MANILA -- Department of Science and Technology (DOST) Secretary Fortunato Dela Peña is seeking more partnerships with the media to inform the public about the benefits of science and technology.
In an interview with the Philippine News Agency (PNA) on Tuesday afternoon, Dela Peña said one executive had commented that the DOST is only known for the Food Nutrition Research Institute (FNRI), Phivolcs (Philippine Institute of Volcanology and Seismology) and PAGASA (Philippine Atmospheric, Geophysical and Astronomical Services Administration).
"These (attached agencies) are visible due to disasters, and their programs that benefit the people," Dela Peña noted.
He said the most common DOST program that the public knows is its scholarship program but awareness about it, however, is still low.
"We can work hard (to address this)," the DOST chief admitted, saying the DOST's partnership with the National Press Club (NPC), Publishers Association of the Philippines, Inc. (PAPI), the Presidential Communications Operations Office (PCOO), and other government agencies, is a good example on how the DOST deals with the low public awareness of its programs.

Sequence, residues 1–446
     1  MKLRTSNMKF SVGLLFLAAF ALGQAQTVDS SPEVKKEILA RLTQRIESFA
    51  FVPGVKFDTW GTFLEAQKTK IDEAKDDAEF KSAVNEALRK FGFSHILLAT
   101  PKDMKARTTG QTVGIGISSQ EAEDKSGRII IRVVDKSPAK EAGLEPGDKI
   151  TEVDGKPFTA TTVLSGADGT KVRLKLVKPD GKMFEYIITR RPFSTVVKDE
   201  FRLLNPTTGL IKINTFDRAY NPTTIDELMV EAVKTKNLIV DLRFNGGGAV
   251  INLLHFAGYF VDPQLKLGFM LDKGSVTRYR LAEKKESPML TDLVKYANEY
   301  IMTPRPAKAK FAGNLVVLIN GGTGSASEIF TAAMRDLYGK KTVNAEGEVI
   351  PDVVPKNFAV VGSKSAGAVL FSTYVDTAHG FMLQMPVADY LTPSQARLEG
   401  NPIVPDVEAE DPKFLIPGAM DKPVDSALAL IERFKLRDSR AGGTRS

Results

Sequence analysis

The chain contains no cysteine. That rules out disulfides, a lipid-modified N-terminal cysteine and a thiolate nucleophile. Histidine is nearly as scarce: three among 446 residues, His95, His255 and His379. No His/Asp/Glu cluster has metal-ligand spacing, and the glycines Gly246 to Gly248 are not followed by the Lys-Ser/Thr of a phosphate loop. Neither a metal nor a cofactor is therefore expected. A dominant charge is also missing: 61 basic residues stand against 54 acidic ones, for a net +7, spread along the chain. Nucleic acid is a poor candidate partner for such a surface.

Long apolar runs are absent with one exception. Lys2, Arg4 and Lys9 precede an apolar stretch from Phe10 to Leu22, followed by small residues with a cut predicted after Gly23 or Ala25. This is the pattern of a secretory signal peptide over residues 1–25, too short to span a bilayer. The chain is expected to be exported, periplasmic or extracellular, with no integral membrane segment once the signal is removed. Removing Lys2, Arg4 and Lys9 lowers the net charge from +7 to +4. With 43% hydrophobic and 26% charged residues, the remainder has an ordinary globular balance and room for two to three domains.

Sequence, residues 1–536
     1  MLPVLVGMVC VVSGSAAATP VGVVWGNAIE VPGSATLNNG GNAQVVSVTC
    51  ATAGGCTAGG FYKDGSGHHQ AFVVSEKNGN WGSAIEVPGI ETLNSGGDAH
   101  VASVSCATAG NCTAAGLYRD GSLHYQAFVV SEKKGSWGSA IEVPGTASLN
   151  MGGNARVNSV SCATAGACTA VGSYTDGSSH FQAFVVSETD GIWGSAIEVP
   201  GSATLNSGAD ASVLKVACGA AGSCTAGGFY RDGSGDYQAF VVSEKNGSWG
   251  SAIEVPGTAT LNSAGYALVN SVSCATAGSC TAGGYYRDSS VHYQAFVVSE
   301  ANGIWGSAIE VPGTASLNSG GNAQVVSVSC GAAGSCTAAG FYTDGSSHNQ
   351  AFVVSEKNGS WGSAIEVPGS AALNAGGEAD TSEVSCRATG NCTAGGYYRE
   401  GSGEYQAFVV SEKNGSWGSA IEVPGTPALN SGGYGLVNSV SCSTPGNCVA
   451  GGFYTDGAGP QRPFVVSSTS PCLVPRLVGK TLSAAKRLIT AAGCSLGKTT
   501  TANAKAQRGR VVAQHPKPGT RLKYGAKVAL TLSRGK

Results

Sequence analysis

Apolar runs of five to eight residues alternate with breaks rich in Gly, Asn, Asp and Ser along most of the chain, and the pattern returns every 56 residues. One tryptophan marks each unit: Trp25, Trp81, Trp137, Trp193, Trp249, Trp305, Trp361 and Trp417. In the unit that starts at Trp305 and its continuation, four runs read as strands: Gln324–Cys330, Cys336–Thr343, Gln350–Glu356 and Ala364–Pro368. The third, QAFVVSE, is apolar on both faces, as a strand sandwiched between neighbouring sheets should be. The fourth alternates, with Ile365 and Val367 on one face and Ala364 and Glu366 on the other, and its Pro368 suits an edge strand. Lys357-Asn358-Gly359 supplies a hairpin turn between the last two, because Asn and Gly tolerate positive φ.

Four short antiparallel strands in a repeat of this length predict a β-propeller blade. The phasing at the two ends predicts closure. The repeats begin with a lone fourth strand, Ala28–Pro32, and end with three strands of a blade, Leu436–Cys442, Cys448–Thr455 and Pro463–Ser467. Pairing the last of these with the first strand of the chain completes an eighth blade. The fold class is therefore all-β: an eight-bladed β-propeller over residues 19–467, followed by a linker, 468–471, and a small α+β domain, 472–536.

Recently, he was able to watch a DOST show, where a taxonomist at the National Museum is being interviewed.
"How would the public know that there is a taxonomist at the National Museum? How would they know taxonomy's benefits and how important it is? We need our partners to share these things with the public," Dela Peña stressed, lamenting further that public officials, both at the national and local levels, are sometimes not aware of the important benefits of research in their areas.
"Also, there are many kids, who would like to become chefs because that is what they see on television. Only a few would say they would like to become a scientist or an engineer," he said. "So, we need partners to help us inform the public about the benefits of science and technology, and about our programs." (PNA)